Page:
is very little of this in the Silmarillion, much of which reads like a
chronicle. The effect, for the most part I think, is intentional and
entirely to the good. The events described in that book take place over
thousands of years and do not turn on anything so idiosyncratic as
"character." To my mind, the effect of it is all very tonic and bracing.
There are striking deeds of love and boldness. There are grievous sins. No
attempt is made to psychologize the one or palliate the other.
I like that effect very much. (This is also, I think, why I like Graham
Greene and Flannery O'Connor.) Many people, though, are left cold by the
Silmarillion and I don't know that this is their fault. I suspect, though,
that "myths" (in the very broad sense that Lewis uses) are personal. For my
part, the _idea_ of a hidden city is enough to make me happy all morning. I
don't mean that I start to imagine a story _about_ a hidden city, I mean
that the _idea_ of a hidden city is, all by itself, enough to make my heart
leap up, like Wordsworth when he saw the rainbow. So when Tolkien tells a
story, in the Silmarillion, about the hidden city of Gondolin, I am very
happy indeed. The betrayal and discovery of the hidden city is just icing
on the cake. Tolkien's great myth (icon?) is probably the overwhelming wave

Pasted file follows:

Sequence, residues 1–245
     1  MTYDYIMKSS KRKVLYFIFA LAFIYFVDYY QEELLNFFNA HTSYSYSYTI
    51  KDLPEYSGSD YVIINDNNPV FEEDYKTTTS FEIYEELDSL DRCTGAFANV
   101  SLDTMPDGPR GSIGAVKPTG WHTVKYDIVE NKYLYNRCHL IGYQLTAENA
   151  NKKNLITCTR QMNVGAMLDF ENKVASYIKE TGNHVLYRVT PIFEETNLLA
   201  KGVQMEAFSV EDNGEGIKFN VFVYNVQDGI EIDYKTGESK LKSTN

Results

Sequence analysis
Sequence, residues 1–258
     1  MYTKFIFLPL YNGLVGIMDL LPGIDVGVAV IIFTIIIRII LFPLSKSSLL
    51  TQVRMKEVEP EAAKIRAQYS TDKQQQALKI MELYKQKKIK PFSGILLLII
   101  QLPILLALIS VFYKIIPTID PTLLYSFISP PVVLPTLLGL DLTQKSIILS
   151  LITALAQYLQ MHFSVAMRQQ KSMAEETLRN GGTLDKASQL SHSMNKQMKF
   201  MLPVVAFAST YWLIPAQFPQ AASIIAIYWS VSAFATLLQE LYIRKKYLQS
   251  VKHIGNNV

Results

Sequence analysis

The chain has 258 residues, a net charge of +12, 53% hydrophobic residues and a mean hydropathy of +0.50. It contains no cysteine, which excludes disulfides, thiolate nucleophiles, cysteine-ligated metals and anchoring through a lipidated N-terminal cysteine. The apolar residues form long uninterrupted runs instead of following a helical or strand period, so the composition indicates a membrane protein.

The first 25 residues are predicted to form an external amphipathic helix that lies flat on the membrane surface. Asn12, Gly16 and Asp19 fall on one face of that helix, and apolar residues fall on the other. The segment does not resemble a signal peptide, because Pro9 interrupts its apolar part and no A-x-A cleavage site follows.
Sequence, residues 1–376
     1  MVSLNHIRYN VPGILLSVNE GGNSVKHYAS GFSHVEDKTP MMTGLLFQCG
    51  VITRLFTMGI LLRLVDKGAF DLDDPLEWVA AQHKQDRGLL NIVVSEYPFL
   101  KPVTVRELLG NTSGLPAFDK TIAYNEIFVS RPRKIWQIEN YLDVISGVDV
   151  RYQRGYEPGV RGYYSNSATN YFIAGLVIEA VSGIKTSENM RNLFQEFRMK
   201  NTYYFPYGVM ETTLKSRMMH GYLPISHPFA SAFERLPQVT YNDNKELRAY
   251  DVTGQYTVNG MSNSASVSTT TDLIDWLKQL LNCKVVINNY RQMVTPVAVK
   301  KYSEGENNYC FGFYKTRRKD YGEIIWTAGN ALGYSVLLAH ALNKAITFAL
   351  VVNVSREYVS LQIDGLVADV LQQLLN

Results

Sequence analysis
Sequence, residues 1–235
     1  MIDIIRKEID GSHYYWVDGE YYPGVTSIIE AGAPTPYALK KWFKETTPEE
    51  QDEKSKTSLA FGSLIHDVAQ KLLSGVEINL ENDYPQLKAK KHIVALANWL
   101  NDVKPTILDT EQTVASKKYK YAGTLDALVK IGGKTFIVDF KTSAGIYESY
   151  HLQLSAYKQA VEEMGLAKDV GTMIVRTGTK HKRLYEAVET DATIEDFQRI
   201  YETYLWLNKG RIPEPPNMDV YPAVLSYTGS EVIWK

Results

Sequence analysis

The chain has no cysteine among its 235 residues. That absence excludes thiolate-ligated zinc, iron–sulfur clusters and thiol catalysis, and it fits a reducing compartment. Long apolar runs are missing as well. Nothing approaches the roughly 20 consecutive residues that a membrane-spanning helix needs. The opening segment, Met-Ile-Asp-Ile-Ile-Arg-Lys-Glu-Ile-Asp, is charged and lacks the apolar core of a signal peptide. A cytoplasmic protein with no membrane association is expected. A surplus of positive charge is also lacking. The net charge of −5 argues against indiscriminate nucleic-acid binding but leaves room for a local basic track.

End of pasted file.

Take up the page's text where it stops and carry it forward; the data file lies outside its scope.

that Faramir dreams about and describes to Eowyn in the Houses of Healing.
It is a version of the Atlantis story -- not the hidden city, but the
drowned city. One can tell stories about the drowned city, but the _idea_
of the drowned city is wonderful all by itself. But not, I suspect, for
everyone. And why should it be? It sounds, after all, almost pathological.
My favorite quotation about Tolkien comes from A. S. Byatt, who says that
she likes to read Lord of the Rings when she isn't feeling well, because
she finds the absence of sexuality in that book "restful." Restful!
I won't pretend that this message has anything to do with Spenser, except
to decorate with little curlicues something that Anne Prescott has said.
There is a lot of bad -- or just slack -- writing in the FQ. I am thinking
about (because I was just rereading them) the middle cantos of book II.
There are interesting _things_ in there, and some good stanzas, but nothing
really sustained until you get to Mammon's Cave. I think I _understand_
some of the business about Pyrochles and Cymochles (all together now,
accents on the penult!), but I don't really like reading about them. Ditto
for Phaedon and his girlfriend. Maybe my ears perk up a little when
Cymochles goes to the Bower of Bliss, but that (I suspect) is just prurience.
I'm wondering, though, whether there are other parts of the Faerie Queen,
parts that we like to think about, to contemplate, but NOT TO READ. To put
it another way, are there things in the Faerie Queene which we admire --
which make us wonder -- in spite of the poetry?
David Wilson-Okamura http://virgil.org [log in to unmask]
East Carolina University Virgil reception, discussion, documents, &c